Stephen Nolan recently tweeted that interest in attending his TV show demonstrated the public appetite for “debate”. Therein lies the problem. Nolan does not do debate, or even conversation. And what he does do is actually quite damaging.
What shock jocks do and, in Northern Ireland at least, that is what Stephen Nolan is, is slanging matches. Those are quite different from debates. Slanging matches consist of opposing sides simply stating their view, often quite loudly and occasionally rudely, without even beginning to listen to the opposing viewpoint. Debates, at least if they are to be meaningful, are quite different from that.
The purpose of a debate, in fact, is to reach a meaningful conclusion – quite often one which, by definition, will be a compromise. For this to happen, in practice, there at least has to be agreement on the basics of the issue.
For example, if someone fundamentally believe that a living being exists from conception and someone else takes the view that life does not occur until birth, they cannot have a meaningful debate on abortion; that can only happen if both participants at least take the basic position that life occurs somewhere between conception and birth (in which case a meaningful debate, potentially with an agreed outcome, can take place on the circumstances and timing under which an abortion should be allowed to occur).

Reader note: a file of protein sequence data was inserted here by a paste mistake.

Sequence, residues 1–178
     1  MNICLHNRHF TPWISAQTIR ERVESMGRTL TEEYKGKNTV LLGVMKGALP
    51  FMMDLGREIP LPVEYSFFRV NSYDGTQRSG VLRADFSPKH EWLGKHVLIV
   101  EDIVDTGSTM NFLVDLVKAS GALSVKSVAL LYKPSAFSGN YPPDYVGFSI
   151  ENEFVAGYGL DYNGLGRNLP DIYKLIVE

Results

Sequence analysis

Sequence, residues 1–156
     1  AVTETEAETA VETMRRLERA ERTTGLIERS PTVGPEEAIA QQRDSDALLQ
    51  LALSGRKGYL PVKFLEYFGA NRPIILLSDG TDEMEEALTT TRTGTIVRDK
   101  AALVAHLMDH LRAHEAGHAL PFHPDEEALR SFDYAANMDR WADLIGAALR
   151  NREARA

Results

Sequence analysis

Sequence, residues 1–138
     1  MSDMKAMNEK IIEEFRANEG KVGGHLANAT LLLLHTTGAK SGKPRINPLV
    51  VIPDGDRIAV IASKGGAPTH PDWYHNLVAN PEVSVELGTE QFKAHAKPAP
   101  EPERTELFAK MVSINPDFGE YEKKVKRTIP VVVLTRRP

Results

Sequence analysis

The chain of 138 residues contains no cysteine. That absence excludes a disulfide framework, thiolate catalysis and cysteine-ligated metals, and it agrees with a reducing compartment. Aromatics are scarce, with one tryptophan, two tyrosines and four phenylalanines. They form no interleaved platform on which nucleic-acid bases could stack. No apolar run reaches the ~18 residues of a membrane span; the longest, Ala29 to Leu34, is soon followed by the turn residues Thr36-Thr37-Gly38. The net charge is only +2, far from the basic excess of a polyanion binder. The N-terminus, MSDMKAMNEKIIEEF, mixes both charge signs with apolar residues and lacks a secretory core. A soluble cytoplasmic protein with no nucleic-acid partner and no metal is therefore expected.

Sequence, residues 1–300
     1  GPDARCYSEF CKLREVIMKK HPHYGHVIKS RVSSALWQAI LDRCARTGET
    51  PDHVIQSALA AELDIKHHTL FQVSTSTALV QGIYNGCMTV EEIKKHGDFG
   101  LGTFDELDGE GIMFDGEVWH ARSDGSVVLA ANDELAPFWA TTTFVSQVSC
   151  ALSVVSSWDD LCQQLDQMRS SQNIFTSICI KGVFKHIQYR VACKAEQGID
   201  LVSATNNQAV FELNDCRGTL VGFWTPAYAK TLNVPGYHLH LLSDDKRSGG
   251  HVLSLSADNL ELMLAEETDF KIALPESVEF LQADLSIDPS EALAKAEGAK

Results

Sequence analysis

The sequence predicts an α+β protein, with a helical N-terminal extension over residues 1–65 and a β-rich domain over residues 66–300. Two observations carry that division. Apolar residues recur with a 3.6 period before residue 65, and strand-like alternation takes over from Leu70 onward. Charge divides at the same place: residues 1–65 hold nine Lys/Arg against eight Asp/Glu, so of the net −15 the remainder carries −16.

What Nolan does, deliberately, is pick the extremes. As a result, no actual debate can take place. This is why it in fact becomes necessary, for example, for parties involved in negotiations to ignore his show. If the founding basis of his show is not even agreed (or is even just plain wrong, as per his recent radio show on roadworks), then absolutely nothing constructive can arise from the slanging match which inevitably results.
I suspect the Northern Irish public are interested in debate, but for that to happen it needs a mix of genuinely representative and expert opinion (and probably more than two sides – there is no reason to believe an outcome has to be constructed solely on binary viewpoints) to produce the basis at least for a conversation which may deliver a meaningful outcome.
Since the BBC is supposed to be about educating and informing (leaving others to chase ratings), maybe it is time for a fundamental rethink of how it does such programmes.